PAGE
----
Emissions regulations impact motorcycles
24 September 2019
29 October 2019
Survey reveals end users value extended oil life over cost and engine wear protection is a top priority
Asia is the world’s largest motorcycle market and an important and fast-growing engine oil market. Insight explores the results of a recent Infineum survey of four-stroke motorcycle owners in India, Indonesia, Vietnam and Thailand to reveal what influences their oil buying decisions and which lubricant performance attributes are most valued.
Global two-wheeler sales were reportedly strong in 2018 reaching 62 million units, up 1.8% from the previous year. Despite some ups and downs, the four markets surveyed, India, Indonesia, Vietnam and Thailand, account for more than 50% of global sales and are all major motorcycle manufacturing hubs.
India is the world’s largest motorcycle market, with two-wheelers making up 80% of the more than 26 million vehicles sold in 2018/19. In Indonesia, after a period of decline, 2018 saw sales rise to reach over six million, an 8.4% growth and a trend that seems to be holding in 2019. Vietnam, the world’s 4th largest two-wheeler market saw 2018 sales hit an all time high of 3.38 million, although this performance is not being repeated in 2019, with first half sales down 5.3%. In Thailand, the smallest of the markets surveyed, 2018 demand was relatively flat with final sales at 1.78 million units, and the picture for 2019 does not look promising with first half sales down by more than 4%.
Most of the bikes rolling out onto the streets of the four markets surveyed are relied on for daily transportation, which means it is essential that they function efficiently and effectively. Pei Yi Lim, Infineum Small Engine Market Advisor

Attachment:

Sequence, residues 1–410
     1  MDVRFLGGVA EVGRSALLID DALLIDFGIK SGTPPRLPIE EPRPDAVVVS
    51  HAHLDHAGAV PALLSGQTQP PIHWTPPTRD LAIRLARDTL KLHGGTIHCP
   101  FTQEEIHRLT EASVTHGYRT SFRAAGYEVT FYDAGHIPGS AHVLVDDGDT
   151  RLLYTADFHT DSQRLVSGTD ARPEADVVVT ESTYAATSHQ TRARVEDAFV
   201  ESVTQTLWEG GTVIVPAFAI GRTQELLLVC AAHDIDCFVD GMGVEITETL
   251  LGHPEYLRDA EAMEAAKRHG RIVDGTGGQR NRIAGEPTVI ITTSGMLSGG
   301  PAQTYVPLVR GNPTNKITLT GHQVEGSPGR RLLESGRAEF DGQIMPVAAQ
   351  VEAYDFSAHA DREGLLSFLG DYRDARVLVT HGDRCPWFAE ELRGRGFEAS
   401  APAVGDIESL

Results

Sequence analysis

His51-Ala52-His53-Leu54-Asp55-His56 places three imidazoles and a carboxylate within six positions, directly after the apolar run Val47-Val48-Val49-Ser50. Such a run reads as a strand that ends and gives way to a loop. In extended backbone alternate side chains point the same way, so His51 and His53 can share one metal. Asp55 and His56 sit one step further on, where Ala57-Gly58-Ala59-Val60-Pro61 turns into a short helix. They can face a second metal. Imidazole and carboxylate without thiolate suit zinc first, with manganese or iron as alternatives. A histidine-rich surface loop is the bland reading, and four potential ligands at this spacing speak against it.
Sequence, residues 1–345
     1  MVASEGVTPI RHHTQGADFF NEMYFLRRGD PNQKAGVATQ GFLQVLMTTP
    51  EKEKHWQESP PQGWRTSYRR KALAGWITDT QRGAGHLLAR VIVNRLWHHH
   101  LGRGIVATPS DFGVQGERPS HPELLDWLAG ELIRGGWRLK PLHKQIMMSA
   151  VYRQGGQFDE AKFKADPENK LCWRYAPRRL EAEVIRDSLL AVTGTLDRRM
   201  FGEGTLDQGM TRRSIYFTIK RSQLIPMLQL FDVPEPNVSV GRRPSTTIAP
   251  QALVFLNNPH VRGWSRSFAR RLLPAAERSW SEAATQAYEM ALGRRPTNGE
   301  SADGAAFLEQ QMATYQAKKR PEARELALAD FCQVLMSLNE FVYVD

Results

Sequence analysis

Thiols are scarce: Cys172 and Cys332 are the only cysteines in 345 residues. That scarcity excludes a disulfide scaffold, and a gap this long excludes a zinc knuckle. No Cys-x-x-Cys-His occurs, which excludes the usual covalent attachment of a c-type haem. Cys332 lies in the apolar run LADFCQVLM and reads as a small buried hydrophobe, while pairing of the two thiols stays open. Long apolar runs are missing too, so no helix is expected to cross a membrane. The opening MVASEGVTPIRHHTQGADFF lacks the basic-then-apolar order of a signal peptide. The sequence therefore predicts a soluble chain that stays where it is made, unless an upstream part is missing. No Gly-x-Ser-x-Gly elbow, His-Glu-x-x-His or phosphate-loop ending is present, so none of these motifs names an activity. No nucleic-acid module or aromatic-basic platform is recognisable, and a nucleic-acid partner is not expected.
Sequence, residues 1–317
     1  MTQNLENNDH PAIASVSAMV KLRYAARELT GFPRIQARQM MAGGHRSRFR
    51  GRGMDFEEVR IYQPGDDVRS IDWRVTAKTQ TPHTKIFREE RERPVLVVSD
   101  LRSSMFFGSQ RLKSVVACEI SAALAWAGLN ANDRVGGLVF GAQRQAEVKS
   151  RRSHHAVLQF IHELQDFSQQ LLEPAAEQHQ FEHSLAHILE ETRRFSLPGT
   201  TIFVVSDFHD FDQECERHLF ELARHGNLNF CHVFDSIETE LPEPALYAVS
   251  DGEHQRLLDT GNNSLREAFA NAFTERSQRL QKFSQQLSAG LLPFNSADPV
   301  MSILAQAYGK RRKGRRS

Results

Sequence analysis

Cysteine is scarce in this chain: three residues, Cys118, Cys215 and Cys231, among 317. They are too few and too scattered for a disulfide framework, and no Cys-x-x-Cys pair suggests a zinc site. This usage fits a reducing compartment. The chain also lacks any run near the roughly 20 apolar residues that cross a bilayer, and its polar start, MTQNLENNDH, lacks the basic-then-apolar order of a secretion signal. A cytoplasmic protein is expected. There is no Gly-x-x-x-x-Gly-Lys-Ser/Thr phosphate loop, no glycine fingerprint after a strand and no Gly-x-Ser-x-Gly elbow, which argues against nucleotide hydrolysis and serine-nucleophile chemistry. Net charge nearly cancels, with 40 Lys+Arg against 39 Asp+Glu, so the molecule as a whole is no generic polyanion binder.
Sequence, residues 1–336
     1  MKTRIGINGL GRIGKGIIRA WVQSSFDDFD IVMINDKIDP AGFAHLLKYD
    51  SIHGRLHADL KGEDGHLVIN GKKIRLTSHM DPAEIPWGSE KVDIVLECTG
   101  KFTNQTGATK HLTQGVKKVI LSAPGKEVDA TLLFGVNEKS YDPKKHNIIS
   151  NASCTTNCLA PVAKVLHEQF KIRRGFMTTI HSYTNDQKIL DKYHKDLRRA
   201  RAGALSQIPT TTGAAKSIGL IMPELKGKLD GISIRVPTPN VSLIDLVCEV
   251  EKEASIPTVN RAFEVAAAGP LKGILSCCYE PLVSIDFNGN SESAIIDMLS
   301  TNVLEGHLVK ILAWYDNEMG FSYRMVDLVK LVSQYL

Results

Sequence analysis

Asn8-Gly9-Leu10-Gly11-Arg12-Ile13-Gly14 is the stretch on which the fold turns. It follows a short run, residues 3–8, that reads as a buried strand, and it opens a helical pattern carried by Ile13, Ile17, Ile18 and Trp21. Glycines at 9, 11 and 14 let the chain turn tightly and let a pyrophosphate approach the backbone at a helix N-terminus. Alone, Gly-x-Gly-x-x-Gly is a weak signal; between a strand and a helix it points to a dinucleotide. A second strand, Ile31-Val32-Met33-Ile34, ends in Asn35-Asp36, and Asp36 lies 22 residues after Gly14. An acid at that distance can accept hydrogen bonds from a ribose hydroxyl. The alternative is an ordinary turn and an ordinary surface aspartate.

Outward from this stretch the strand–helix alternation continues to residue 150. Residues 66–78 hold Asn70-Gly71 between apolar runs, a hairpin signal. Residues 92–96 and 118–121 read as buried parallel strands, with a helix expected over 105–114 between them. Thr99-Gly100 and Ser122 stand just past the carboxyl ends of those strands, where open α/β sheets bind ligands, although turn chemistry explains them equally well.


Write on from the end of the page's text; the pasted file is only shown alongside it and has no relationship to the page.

An important aspect of this reliability is the engine oil, and the aim of the Infineum end user survey was to obtain a good understanding of owners’ behaviours and usage and their preferences when it comes to selecting the oil they use in their bikes.
The online survey collected data from 2,000 motorcyclists, from major cities in the four countries. Respondents own at least one four-stroke bike, that they have ridden in the past year, and make decisions on their oil change.
This is in sharp contrast to the data collected in our 2018 survey of US motorcyclists. The key difference is the much smaller bikes in these Asian countries cover more than four times the annual mileage of the much bigger bikes used in the US (33% of which are >1,000cc), which are generally used for leisure.
In our survey sample, a higher proportion of riders in India own motorcycles rather than scooters. However, in Vietnam and Indonesia scooters are more popular, while in Thailand there is almost a 50/50 split between motorcycle and scooter use. Only a very small number of riders across the sample reported that they use mopeds and three-wheelers.
A high percentage of these motorcycles and scooters have engines smaller than 150cc and only a very few are 500cc or above (5% or less). In terms of OEM brand, at least 70% of motorcyclists ride a Honda, most often followed in popularity by Yamaha and Suzuki models.